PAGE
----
The Second Circuit’s opinion, requiring whistleblowers to prove retaliatory intent, placed that Circuit in conflict with the Fifth and Ninth Circuits, which had rejected such requirement; therefore, the Supreme Court decided to “resolve the disagreement.”

In a unanimous decision, the Supreme Court reversed the decision of the Second Circuit and remanded, holding that a plaintiff does not need to prove retaliatory intent to prevail on a retaliation claim under the Act. A whistleblower who invokes 18 U.S.C. §1514A only bears the burden to prove that his protected activity “was a contributing factor in the unfavorable personnel action alleged in the complaint.” If a plaintiff makes this showing, the burden then shifts to the defendant to show, by clear and convincing evidence, that it “would have taken the same unfavorable personnel action in the absence of” the protected activity. 

The Supreme Court left no doubt as to the employee-friendly nature of its decision. Justice Sotomayor, who authored the Opinion of the Court, wrote: 

To be sure, the contributing-factor framework that Congress chose here is not as protective of employers as a motivating-factor framework. That is by design. Congress has employed the contributing-factor framework in contexts where the health, safety, or well-being of the public may well depend on whistleblowers feeling empowered to come forward. This Court cannot override that policy choice by giving employers more protection than the statute itself.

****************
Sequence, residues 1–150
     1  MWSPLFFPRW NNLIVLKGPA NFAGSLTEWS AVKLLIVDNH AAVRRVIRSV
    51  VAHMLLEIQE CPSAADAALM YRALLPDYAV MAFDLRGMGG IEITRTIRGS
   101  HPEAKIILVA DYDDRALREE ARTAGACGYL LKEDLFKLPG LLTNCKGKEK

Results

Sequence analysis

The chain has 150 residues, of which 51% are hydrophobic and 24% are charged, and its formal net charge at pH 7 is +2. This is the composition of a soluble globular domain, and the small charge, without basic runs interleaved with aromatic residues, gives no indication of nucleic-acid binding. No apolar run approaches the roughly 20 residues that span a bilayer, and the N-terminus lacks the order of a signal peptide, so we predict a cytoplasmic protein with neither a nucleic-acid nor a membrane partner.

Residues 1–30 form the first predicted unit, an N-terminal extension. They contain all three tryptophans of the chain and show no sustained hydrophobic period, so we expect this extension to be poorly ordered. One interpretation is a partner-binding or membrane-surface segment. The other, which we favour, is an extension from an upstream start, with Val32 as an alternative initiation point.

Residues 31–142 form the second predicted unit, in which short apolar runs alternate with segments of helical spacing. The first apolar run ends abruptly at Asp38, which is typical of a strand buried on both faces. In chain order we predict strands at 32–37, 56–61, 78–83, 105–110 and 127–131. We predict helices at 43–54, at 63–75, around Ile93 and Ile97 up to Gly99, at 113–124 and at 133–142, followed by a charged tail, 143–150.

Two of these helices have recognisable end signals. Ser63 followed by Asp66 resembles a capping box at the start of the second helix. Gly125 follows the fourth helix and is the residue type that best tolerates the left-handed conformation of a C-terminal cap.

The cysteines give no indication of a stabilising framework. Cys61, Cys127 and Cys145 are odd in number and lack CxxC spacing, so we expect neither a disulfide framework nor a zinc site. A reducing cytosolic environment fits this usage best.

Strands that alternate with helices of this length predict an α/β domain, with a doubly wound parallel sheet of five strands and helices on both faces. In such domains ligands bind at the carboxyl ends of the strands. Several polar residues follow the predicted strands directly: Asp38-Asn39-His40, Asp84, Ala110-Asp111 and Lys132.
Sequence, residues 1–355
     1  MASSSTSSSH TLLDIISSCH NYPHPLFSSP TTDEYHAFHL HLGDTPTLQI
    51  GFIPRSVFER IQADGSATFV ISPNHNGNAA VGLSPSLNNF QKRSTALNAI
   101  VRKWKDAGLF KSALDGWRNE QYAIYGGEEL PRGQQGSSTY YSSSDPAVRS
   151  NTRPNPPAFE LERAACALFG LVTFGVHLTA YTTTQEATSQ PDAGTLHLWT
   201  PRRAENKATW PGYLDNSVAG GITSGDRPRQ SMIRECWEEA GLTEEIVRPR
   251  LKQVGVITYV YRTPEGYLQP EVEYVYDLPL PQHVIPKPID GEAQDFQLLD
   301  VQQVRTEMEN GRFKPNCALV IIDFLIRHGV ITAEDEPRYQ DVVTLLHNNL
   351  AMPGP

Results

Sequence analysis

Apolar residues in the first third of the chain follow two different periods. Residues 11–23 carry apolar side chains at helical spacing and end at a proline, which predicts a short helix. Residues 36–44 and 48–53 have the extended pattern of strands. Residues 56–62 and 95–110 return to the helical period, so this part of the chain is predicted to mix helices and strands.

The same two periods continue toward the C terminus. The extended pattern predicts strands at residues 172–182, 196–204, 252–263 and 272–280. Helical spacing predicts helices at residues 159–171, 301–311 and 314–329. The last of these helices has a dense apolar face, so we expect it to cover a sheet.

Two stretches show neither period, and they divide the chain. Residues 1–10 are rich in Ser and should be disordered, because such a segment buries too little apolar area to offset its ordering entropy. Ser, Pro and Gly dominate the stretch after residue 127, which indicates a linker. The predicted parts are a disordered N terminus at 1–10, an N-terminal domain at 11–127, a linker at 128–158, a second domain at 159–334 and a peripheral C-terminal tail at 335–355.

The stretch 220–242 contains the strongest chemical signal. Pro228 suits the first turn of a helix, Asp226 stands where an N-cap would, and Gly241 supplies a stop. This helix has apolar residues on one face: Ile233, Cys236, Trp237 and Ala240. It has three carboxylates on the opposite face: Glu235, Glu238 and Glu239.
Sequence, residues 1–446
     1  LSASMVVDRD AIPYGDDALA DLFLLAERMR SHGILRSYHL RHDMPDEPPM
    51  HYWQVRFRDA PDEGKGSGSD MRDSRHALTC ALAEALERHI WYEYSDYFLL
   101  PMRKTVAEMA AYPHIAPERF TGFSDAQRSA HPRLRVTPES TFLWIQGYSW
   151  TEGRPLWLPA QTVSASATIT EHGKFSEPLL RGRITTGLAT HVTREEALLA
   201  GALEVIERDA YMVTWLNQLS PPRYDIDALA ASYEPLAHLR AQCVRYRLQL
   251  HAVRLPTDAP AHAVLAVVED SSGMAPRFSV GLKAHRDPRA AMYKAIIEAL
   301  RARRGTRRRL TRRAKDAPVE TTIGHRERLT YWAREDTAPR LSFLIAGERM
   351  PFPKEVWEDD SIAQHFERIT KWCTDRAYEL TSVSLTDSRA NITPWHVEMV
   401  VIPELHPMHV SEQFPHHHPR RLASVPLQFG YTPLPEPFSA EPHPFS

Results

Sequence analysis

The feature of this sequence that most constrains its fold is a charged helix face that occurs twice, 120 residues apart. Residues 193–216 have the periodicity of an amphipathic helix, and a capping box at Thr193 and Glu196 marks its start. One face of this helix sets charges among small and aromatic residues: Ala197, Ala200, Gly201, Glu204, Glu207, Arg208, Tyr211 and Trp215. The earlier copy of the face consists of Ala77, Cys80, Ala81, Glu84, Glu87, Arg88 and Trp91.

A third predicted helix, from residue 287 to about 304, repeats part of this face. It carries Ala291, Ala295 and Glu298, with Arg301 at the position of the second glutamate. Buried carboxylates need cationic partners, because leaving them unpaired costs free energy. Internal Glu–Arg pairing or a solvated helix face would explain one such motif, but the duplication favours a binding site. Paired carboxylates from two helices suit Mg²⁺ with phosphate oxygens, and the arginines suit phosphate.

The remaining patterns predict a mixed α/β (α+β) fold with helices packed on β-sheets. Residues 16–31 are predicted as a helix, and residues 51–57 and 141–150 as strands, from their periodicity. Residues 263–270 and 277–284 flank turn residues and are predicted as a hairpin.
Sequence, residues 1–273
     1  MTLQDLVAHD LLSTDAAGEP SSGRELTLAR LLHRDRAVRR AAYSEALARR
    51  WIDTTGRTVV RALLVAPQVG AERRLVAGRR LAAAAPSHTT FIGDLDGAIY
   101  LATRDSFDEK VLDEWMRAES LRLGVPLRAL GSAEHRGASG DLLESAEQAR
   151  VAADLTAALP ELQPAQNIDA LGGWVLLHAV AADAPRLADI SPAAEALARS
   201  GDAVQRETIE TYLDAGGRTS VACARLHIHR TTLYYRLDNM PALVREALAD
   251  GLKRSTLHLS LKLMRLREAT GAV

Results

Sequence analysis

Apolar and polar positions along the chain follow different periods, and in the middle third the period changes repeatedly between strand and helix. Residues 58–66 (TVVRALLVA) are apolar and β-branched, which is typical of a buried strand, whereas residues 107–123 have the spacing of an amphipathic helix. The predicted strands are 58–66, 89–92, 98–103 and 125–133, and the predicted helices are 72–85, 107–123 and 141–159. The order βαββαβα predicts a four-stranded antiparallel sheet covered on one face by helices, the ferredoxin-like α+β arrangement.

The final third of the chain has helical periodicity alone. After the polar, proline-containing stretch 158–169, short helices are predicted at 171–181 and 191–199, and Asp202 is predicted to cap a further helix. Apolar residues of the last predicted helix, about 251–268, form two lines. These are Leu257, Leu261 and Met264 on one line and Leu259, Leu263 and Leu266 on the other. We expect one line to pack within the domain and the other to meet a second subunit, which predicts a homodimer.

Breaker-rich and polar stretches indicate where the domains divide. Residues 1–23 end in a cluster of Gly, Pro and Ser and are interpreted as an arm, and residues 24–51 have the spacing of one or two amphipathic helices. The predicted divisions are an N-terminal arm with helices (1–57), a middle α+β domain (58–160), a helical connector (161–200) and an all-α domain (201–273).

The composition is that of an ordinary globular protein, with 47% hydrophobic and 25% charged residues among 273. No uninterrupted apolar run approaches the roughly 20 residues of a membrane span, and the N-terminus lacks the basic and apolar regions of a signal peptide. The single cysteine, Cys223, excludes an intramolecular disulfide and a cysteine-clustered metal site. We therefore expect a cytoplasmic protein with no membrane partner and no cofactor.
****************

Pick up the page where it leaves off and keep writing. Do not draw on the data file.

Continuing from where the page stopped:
Although the decision relieves plaintiffs from needing to show retaliatory intent, the Court nonetheless asserted that Sarbanes-Oxley’s burden-shifting framework does serve as a “mechanism for getting at intent” by allowing an employer to respond to an employee’s circumstantial evidence with its own. This, says the Court, provides the “full picture” that allows the factfinder to make the ultimate determination as to whether differential treatment was intentional and based on protected activity.

Significance of Decision

After this decision, there is no longer any doubt as to the burden of proof in whistleblower lawsuits under the Sarbanes-Oxley Act.

Although the burden for employees is to prove that their whistleblowing contributed, even tangentially, to the unfavorable personnel decision (which includes termination, demotion, transfer, etc.), in order to defend against such claims, an employer must prove by clear and convincing evidence, that it would have taken the same unfavorable personnel action in the absence of the protected behavior. In a nutshell, this is a high bar for employers to meet. 

In practice, employers should act with caution in considering personnel decisions if they are aware of a complaint or report that might qualify as a protected activity under the Sarbanes-Oxley Act (or other anti-retaliation statutes). Employers should also review their policies and practices regarding internal reporting mechanisms to ensure visibility into such complaints or report. This decision further serves to remind employers of the importance of documenting legitimate workplace performance issues.